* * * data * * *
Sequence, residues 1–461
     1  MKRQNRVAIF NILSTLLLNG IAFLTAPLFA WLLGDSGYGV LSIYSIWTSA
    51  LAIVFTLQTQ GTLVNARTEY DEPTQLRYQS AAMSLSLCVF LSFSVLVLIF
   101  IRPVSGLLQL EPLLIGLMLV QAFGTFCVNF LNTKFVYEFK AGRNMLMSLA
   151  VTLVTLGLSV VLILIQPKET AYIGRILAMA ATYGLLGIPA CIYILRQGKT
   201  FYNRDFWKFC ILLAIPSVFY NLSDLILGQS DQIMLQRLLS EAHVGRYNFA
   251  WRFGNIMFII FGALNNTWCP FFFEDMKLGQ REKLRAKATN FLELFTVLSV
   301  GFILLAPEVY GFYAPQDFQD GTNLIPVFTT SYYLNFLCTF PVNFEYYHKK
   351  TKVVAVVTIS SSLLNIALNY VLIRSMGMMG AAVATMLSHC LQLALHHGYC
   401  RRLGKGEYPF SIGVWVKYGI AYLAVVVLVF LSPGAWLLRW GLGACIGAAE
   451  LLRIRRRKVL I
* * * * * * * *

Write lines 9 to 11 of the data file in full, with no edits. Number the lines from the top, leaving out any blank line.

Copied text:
   351  TKVVAVVTIS SSLLNIALNY VLIRSMGMMG AAVATMLSHC LQLALHHGYC
   401  RRLGKGEYPF SIGVWVKYGI AYLAVVVLVF LSPGAWLLRW GLGACIGAAE
   451  LLRIRRRKVL I